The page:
Background: Lymphedema following breast cancer treatment is one of the most morbid conditions affecting breast cancer survivors. Currently, no therapy completely cures this condition. Comprehensive Decongestive Therapy (CDT), a novel physiotherapeutic method offers promising results in managing this condition. This therapy is being widely used in the West. Till date, there are no studies evaluating the effectiveness and feasibility of this therapy in the east.
Materials and Methods: The therapeutic responses of 25 patients with postmastectomy lymphedema were analyzed prospectively in this study. Each patient received an intensive phase of therapy for eight days from trained physiotherapists, which included manual lymphatic drainage, multi layered compression bandaging, exercises, and skin care. Instruction in self management techniques were given to the patients on completion of intensive therapy. The patients were followed up for three months. Changes in the volume of the edematous limb were assessed with a geometric approximation derived from serial circumference measurements of the limb and by water displacement volumetry. Changes in skin and sub cutis thickness were assessed using high frequency ultrasound.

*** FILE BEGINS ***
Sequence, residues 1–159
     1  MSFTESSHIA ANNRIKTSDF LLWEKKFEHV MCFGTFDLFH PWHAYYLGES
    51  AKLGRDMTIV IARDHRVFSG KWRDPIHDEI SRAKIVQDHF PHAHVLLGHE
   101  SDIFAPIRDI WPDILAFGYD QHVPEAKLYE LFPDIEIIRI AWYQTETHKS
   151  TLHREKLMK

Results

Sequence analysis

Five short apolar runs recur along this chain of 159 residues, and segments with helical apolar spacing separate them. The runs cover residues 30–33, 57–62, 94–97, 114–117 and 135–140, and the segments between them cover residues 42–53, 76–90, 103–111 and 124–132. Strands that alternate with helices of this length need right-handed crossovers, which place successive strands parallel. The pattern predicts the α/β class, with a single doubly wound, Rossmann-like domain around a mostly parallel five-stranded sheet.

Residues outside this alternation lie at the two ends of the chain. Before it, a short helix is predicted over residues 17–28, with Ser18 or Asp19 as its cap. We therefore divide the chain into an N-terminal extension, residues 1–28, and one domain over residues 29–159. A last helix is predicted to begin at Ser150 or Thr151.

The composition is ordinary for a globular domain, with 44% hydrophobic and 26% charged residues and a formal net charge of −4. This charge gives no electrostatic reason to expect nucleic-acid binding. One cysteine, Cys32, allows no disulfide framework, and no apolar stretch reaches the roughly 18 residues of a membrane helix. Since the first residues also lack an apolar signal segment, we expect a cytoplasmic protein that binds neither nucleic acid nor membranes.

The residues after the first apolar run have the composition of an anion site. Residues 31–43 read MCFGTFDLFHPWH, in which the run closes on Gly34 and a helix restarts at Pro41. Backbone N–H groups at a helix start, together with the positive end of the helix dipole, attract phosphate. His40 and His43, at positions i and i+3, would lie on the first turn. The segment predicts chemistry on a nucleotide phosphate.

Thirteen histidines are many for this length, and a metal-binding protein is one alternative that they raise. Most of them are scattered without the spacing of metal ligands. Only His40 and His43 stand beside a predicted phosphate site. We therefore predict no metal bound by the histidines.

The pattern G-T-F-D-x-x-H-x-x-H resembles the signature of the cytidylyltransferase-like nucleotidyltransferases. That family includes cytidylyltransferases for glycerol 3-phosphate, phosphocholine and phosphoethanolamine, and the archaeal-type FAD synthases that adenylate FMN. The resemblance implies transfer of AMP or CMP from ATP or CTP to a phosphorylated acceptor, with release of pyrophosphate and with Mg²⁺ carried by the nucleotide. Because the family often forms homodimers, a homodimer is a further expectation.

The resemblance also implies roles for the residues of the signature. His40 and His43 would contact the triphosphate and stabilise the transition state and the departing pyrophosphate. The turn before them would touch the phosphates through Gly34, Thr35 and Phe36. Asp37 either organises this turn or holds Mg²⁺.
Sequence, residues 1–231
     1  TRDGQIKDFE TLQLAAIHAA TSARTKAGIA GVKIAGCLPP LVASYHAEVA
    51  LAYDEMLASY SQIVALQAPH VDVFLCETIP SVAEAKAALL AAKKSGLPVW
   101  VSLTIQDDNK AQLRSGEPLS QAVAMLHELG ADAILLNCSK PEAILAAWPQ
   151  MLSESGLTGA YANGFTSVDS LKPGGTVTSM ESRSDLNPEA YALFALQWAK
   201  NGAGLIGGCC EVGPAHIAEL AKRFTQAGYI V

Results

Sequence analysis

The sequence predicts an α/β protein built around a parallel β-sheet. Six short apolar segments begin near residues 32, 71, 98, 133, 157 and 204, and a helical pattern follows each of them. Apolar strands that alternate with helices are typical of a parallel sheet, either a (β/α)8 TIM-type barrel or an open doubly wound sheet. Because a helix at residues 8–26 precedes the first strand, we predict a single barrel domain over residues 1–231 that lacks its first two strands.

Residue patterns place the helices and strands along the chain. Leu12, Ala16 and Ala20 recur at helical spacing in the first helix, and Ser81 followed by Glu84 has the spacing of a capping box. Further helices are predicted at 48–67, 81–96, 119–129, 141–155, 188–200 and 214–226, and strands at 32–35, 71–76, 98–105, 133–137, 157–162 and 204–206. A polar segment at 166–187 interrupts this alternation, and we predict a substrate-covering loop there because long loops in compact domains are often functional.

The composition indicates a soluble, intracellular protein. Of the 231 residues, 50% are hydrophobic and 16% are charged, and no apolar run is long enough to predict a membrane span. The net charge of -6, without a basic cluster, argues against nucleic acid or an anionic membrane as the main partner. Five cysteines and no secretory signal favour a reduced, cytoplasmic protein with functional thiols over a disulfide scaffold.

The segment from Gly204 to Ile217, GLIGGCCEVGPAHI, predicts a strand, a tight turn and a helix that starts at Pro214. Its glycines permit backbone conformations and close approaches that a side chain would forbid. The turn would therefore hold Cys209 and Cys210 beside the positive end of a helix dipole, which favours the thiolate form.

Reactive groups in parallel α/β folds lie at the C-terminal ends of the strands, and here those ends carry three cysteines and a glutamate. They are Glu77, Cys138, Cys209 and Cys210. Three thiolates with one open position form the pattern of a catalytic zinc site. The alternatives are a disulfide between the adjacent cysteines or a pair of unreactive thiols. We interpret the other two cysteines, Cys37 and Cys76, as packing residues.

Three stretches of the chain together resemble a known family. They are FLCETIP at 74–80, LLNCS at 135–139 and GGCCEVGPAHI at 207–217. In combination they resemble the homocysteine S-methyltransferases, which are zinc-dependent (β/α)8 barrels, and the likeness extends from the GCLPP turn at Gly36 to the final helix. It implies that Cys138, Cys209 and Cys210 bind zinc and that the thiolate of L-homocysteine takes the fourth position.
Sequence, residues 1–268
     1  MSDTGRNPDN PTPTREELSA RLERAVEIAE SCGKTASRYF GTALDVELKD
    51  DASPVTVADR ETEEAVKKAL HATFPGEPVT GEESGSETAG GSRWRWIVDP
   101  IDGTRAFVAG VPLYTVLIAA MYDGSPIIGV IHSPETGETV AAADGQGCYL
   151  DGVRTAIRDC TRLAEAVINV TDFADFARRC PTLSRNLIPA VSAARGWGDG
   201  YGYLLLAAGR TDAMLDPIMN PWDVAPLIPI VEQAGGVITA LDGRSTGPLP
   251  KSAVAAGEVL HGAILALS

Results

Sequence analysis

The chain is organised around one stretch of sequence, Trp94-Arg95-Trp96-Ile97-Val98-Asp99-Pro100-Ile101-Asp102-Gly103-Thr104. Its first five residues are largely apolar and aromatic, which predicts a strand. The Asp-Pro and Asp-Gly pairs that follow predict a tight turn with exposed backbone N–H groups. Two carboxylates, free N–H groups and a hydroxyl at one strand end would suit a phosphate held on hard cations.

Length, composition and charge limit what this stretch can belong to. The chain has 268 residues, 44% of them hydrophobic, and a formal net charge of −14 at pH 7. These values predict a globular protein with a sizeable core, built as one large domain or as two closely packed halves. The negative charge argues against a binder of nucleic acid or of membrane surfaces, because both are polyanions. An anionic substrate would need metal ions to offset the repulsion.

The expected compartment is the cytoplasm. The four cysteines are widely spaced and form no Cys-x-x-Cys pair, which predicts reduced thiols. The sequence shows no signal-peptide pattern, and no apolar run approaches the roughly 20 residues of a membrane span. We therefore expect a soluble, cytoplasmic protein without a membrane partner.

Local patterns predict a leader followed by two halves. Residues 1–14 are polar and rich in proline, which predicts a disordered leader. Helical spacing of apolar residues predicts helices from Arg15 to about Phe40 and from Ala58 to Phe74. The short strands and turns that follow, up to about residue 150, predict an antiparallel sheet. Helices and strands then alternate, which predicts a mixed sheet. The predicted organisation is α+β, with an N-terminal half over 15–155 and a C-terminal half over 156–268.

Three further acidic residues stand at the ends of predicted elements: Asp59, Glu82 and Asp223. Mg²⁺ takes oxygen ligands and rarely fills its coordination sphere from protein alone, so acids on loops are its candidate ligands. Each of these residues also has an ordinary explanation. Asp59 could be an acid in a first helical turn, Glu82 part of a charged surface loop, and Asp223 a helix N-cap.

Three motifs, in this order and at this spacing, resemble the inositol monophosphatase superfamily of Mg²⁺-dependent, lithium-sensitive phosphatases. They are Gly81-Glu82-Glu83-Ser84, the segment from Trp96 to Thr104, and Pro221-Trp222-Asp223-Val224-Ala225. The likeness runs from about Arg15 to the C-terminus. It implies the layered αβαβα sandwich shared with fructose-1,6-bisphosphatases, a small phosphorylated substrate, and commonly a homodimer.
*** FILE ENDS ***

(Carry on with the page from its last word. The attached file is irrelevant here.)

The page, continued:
Results: The reduction in limb volume observed after therapy was 32.3% and 42% of the excess, by measurement and volumetry, respectively. The maximum reduction was obtained after the intensive phase. The reduction in skin and subcutis thickness of the edematous limb followed the same pattern as volume reduction. Patients could maintain the reduction obtained by strictly following the protocols of the maintenance phase.
Conclusions: CDT combined with long-term self management is effective in treating post mastectomy lymphedema. The tropical climate is a major factor limiting the regular use of bandages by the patients.